“The takeaway is that these grassroots efforts look a lot different than we think they might,” she says. “A school may double as a food pantry or administer a ‘backpack’ weekend nutrition program, but that doesn’t mean the principal is running things. Often, it’s a teacher or even a parent volunteer. A ‘ground-up’ approach to research lets you see all the informal partnerships that make these efforts work.”
No One Is Less
The bad news about handling hunger at the community level, however, is the variation in where, how, and how much assistance is provided—and to whom. One food pantry might allow patrons to visit once a week, another once a month. The type of food offered by pantries can differ widely too. And even organizations that are the face of a social safety net can put up barriers that make accessing nutrition assistance harder for some people and easier for others.
“Some pantries or kitchens might ask patrons to show a picture ID,” Gose explains. “Some might require proof of residence. Some organizations even require a certificate of marriage. I’m trying to show how the variation in the way that community organizations provide services—and to whom and in what contexts—results in huge variation at the community-level. These diverse responses are an effort to respond to diverse hunger needs but they also create inequality within the social safety net.”
Moreover, while hunger touches every age group in the Atlanta area, Gose says that not every age group benefits equally from efforts to address it. Solutions that get food to children, for instance, often don’t meet the needs of hungry seniors.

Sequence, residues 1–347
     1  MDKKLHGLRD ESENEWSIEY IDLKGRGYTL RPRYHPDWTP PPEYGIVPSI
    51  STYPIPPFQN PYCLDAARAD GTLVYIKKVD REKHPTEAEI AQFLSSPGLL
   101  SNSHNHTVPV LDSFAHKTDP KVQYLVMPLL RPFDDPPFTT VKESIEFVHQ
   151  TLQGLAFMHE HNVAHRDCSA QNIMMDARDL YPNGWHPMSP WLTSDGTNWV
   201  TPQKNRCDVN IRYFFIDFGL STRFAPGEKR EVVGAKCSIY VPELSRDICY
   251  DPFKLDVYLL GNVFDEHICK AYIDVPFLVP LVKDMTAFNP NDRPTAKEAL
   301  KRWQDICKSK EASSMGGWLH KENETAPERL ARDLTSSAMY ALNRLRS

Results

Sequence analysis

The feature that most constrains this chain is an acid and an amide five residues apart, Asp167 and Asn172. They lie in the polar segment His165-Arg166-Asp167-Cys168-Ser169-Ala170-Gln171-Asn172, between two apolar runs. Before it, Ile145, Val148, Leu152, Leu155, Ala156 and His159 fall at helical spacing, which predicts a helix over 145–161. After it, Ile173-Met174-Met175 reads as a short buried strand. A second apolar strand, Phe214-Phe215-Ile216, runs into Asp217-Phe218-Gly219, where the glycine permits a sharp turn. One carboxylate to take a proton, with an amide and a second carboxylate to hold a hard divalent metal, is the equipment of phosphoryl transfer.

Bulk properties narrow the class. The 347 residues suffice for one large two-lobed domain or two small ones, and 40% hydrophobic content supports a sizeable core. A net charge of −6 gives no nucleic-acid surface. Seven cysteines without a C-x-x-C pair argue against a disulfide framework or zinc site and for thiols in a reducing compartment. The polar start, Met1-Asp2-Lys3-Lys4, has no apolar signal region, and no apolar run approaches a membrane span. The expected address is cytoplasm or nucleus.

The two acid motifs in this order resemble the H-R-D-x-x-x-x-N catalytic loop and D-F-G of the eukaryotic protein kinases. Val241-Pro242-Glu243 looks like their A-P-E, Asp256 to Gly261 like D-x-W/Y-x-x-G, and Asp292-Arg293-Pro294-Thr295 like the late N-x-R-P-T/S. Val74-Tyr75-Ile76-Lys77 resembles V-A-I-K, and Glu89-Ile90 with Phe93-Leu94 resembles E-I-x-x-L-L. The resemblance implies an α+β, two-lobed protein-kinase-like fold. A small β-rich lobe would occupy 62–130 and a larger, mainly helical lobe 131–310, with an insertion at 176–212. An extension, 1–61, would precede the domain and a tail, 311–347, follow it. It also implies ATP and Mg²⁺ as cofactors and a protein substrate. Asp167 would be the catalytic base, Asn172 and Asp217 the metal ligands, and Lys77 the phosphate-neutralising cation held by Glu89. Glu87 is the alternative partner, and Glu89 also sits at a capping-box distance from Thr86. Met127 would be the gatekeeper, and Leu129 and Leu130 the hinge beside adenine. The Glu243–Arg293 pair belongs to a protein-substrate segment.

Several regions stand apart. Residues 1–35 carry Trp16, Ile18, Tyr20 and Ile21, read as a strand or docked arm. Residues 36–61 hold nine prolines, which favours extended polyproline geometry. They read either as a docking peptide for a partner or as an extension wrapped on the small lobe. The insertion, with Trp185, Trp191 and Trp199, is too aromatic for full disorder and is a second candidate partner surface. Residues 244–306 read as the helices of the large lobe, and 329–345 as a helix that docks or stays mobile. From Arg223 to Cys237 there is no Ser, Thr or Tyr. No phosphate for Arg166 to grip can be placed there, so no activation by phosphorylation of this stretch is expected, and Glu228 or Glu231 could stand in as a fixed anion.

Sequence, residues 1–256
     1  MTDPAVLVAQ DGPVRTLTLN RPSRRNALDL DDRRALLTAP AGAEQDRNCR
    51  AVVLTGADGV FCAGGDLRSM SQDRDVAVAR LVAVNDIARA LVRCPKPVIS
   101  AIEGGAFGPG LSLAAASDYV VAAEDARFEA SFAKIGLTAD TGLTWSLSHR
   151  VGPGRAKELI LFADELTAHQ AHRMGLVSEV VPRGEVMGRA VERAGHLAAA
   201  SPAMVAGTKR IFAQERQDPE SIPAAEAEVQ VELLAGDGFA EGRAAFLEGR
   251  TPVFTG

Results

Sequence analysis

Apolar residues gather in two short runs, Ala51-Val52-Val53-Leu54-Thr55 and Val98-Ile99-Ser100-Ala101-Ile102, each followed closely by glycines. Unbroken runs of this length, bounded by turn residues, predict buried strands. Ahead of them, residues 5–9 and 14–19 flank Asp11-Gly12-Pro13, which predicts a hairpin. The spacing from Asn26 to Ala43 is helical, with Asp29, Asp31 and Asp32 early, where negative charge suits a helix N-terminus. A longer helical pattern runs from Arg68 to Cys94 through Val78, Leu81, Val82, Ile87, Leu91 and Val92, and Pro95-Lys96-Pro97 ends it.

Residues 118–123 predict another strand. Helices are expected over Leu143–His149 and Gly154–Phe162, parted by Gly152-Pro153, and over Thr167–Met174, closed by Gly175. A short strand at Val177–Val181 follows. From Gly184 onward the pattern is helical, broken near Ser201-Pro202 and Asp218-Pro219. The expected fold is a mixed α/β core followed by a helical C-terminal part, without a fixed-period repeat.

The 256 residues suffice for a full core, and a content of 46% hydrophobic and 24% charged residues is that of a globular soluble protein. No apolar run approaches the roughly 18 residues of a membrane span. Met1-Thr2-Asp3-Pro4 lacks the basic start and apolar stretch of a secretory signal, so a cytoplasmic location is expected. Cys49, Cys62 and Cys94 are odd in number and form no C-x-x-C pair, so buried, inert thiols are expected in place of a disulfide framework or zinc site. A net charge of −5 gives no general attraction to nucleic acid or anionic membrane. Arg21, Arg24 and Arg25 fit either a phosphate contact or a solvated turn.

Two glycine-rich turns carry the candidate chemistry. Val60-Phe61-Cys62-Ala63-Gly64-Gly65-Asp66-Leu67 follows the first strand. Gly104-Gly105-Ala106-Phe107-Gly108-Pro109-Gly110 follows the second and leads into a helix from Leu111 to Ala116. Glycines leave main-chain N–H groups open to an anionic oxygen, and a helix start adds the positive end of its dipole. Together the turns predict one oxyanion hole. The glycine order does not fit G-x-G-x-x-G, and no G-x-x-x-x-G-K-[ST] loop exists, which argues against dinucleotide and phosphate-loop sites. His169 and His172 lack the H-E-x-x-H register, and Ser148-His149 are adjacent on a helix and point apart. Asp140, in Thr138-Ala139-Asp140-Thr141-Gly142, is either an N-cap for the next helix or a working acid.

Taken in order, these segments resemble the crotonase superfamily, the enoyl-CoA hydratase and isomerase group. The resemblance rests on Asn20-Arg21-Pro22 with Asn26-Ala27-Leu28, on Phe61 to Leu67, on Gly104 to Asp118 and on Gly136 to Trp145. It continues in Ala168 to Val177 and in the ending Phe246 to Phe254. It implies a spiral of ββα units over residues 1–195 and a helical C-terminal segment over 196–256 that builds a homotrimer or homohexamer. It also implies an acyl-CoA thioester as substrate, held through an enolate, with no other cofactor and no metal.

“You can target childhood hunger much more easily through schools,” Gose says. “That’s different than the way we might address the needs of people over the age of 65. If there's a food pantry in a senior center, that's likely more accessible to seniors or even to adults who are at working age.”
No one is less because they go to a food pantry. No one deserves to be hungry.
A larger issue is the need to distinguish between hunger and food insecurity. Gose says that pantries and soup kitchens offer short-term solutions to those who show up with an empty stomach. The problem of food insecurity—the experience of not knowing where one’s next meal will come from at least three times in a year—is a long-term issue that requires clear and effective public policy.
“To address food insecurity—to eliminate it—would require an expansion of the federal Supplemental Nutrition Assistance Program,” she says. “It would require affordable grocery stores in low-income communities, and, ultimately, higher wages. You can’t cook food if you have no electricity or gas for your stove. You can’t store fresh produce if your refrigerator doesn’t work.”
Real solutions to food insecurity—not just acute hunger—require bigger conversations and more creative ideas, Gose says. She hopes her research can inform those discussions. She still doesn’t know how to solve the problem that confronted her and the kind-eyed man in the food pantry that day, but she knows that she wants to help bring about a change.
“Our poverty solutions in the US are inadequate and exclusionary,” she says. “Understanding how communities respond to hunger is important for thinking about access, equity, and opportunities for intervention in the future. No one is less because they go to a food pantry. No one deserves to be hungry.”